And, most importantly, there were entire days where I did not think about cancer once. My identity is so much more than a disease. I had forgotten that. And now I’m alive, and colorful, again. That would never have happened without A Fresh Chapter.”
Heather (2016 India Odyssey): One of the challenges I’ve experienced in coming to India is feeling as though I cannot possibly make a difference. There is so much need here and the culture is so complex and contradictory it is nearly impossible to fathom – let alone work within. But I’ve also found that kindness is able to transcend even the most daunting language barrier. Most of these people are eking out an existence somewhere at the bottom of Maslow’s Hierarchy and when we walk through the doors of Mother Teresa’s they clamor for our attention, to hold our hands, to be seen.
It is lovely and confusing and devastating all at once and frankly I don’t know how we will manage to walk out of their lives at the end of our time here.
Though most of our contribution has been simply to give our attention and time, to work alongside them as to scrub floors and hang laundry – there have been some phenomenal breakthroughs as well. Yesterday the bedridden Tibetan woman we have been caring for was able to get up to a chair and sit in the sun. The sisters are using the barrier cream I found and taught them to use, her wounds are beginning to heal. When she was wheeled into the courtyard, the other patients came to greet her, to welcome her to the fold, to cheer her progress. The sweetness of this interaction was one of the most purely human moments I have ever experienced.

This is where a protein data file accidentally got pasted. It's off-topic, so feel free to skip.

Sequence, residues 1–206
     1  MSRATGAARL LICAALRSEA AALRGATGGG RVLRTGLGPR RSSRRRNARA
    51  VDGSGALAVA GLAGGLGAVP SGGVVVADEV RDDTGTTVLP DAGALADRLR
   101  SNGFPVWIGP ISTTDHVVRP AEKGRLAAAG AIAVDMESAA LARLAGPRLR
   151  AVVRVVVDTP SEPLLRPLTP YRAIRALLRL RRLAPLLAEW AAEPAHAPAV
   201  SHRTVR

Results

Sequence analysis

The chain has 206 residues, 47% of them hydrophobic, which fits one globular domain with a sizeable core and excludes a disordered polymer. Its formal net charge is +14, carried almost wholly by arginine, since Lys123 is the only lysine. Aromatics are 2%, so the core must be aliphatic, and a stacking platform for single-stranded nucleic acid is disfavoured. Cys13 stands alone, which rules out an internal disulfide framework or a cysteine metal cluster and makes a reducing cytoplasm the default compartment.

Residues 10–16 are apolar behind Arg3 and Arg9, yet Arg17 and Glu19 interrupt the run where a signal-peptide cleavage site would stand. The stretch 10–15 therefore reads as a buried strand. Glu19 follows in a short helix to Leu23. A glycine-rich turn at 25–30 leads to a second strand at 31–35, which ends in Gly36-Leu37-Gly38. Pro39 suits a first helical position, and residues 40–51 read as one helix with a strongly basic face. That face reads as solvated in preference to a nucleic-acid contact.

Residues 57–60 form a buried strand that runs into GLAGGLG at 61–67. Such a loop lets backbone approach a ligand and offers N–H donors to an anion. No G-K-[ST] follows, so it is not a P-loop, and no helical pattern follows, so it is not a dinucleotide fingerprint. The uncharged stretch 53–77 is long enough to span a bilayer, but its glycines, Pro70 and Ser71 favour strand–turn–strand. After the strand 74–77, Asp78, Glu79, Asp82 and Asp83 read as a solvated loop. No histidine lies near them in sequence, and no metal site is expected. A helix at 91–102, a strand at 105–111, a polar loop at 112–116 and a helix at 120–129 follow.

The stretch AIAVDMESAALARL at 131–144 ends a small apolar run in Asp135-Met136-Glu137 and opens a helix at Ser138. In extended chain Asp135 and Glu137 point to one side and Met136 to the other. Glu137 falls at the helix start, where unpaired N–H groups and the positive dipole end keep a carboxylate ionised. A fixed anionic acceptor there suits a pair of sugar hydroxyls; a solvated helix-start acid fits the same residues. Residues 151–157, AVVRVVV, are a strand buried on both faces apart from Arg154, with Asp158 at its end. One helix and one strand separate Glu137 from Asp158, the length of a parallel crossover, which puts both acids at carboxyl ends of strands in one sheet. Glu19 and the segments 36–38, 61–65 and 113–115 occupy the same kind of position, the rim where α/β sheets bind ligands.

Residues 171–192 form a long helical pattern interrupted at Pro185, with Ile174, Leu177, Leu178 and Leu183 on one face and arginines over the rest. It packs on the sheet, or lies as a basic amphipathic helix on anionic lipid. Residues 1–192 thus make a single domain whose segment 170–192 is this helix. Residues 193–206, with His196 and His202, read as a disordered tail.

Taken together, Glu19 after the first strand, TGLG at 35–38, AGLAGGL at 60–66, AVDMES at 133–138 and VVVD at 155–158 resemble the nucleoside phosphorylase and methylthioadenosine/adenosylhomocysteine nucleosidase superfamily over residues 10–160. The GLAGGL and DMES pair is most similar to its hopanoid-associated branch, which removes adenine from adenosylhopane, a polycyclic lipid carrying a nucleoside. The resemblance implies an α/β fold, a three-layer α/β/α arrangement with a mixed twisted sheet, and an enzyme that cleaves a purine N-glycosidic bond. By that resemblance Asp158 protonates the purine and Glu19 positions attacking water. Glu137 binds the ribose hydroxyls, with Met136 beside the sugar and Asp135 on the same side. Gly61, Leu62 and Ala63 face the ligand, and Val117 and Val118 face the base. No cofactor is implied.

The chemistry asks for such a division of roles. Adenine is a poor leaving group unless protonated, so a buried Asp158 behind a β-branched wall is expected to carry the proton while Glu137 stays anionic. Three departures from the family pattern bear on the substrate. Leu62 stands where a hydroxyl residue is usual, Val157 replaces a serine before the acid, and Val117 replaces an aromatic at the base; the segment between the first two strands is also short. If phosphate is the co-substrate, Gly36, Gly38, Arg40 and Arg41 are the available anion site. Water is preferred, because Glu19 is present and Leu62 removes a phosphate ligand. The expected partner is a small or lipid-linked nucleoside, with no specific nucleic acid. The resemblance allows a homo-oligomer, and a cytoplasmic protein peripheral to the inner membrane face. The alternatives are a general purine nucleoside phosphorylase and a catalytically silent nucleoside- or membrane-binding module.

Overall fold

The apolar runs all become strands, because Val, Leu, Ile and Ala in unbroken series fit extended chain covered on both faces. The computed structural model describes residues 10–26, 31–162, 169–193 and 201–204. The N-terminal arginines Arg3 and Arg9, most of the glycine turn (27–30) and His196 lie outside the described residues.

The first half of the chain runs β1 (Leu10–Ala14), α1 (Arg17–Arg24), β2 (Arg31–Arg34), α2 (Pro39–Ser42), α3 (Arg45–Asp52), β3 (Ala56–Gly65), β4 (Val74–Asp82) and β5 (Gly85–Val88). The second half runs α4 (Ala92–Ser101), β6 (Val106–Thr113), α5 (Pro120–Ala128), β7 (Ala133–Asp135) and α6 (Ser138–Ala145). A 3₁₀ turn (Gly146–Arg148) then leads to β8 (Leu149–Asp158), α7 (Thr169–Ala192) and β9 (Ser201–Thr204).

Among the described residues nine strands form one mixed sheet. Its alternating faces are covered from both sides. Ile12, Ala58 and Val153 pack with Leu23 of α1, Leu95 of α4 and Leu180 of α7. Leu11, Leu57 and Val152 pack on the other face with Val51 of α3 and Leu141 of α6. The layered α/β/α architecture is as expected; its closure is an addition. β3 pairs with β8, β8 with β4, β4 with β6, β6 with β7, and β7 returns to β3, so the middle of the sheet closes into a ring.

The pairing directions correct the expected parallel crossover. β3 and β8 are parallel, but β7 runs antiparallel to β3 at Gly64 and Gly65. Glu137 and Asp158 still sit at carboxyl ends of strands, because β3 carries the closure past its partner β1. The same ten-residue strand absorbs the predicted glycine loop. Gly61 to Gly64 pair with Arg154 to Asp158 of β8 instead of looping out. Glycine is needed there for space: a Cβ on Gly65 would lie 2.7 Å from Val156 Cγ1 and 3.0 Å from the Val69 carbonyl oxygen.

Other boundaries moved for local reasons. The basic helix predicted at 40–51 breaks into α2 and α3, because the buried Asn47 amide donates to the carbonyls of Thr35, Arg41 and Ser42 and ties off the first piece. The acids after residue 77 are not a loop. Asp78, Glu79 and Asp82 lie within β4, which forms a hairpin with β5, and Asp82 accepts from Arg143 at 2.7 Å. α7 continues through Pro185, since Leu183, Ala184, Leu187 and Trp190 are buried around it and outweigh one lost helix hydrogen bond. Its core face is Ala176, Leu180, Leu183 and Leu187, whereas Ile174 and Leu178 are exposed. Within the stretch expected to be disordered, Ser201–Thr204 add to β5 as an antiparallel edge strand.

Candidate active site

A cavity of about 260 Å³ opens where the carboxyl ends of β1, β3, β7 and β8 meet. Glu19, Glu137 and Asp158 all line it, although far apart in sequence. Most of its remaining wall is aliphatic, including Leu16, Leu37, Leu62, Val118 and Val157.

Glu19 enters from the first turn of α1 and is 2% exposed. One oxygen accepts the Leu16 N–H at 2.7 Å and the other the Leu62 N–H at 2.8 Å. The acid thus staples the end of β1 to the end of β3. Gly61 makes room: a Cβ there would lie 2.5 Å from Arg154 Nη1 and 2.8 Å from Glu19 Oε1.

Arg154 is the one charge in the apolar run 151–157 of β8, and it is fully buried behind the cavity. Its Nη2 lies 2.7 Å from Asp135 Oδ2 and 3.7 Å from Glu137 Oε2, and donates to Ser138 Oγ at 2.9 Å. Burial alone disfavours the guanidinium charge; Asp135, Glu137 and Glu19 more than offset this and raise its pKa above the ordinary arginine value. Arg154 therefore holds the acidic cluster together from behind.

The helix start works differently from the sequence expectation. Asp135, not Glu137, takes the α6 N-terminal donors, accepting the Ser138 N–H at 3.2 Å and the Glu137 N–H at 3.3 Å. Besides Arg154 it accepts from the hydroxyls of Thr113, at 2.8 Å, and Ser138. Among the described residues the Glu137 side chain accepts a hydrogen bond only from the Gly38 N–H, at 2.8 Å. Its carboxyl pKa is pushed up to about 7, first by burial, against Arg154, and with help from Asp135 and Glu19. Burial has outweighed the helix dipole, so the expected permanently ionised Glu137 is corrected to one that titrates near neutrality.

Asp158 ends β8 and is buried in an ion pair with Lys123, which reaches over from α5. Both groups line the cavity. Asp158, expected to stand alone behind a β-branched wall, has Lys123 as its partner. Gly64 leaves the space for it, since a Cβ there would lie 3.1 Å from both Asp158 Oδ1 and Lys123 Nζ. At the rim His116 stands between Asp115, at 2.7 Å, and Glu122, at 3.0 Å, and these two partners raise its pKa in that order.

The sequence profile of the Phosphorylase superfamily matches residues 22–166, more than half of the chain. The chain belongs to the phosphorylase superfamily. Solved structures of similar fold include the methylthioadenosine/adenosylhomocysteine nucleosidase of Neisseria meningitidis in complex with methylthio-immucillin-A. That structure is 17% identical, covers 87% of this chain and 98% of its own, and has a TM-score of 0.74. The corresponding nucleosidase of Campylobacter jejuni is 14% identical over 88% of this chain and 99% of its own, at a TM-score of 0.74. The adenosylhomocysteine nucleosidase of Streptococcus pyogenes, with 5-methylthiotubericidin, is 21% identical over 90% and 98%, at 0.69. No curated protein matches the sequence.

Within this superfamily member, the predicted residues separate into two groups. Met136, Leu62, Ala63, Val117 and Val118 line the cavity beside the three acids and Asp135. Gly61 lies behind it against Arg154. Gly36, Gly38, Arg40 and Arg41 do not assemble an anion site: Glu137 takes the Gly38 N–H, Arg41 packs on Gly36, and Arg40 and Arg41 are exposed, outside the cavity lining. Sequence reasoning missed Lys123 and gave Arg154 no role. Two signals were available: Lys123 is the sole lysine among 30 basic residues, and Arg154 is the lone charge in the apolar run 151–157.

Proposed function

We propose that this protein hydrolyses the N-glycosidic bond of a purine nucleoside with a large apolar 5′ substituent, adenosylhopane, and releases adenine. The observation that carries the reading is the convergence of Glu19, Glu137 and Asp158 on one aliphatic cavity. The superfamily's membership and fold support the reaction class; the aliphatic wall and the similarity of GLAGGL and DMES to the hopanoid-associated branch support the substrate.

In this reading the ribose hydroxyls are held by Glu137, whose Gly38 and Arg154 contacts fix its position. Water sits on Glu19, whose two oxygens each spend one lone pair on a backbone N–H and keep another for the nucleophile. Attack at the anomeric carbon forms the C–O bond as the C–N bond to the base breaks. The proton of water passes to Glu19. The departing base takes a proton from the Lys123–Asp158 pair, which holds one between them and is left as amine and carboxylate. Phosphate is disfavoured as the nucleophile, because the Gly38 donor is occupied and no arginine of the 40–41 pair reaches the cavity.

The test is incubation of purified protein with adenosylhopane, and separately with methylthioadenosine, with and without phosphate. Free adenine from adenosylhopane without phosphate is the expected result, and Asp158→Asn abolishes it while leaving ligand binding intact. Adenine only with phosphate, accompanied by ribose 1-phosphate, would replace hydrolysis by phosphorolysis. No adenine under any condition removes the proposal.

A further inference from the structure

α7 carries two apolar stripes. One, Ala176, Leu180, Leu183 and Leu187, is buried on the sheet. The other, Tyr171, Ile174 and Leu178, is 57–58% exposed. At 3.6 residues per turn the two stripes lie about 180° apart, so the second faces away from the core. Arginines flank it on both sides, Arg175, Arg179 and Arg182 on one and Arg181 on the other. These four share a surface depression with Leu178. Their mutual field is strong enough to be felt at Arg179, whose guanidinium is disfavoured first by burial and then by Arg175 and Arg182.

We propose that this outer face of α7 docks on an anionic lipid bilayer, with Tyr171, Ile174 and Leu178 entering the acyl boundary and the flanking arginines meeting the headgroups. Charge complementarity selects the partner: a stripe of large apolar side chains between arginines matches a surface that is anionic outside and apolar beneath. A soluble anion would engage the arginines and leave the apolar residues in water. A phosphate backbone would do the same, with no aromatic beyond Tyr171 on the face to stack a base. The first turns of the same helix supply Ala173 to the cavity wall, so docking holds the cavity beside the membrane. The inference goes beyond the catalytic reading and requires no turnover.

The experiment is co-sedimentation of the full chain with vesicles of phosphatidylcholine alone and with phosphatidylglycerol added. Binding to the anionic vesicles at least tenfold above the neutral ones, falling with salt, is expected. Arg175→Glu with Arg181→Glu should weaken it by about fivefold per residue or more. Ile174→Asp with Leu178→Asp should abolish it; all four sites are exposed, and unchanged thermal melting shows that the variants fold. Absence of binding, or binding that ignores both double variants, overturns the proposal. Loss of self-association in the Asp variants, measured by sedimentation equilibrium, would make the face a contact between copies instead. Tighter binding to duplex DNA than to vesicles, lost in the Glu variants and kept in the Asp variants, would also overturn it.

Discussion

And so my lovely friends, if you ever are questioning your ability to make a difference in this world – I assure you the only way it can be done is one person at a time.
Eliel (2016 India Odyssey): For those that know me well you know that i love kids (explains why I have 5)…This trip to India is not only giving me the opportunity to start a fresh chapter in my life but it has also allowed me to spend time with beautiful kids who unlike many of us do not have the luxuries we sometimes take for granted..But they have something much more valuable; joy, happiness and a genuine heart. And no matter how difficult and chaotic life may seem around them they always have a smile in their face and look at you with their bright eyes filled with love. This is worth so much more then anything money can buy…
What an experience this has been for me! It’s been an eye opener, new perspective, lesson in finding happiness and an inspiration to be a better person, father, husband and friend. I am not going to lie, It has not been easy to get out of my comfort zone. The noise, smells, language, hard bed, new food, chaotic traffic, poverty and rollercoaster of emotions can be very overwhelming. However; it is so worth it, my heart is filled with love, joy and purpose! Coming out of my comfort zone has been the best thing I have done in my life! Today, here, now is where I was meant to be and I would not change this moment for anything in the world!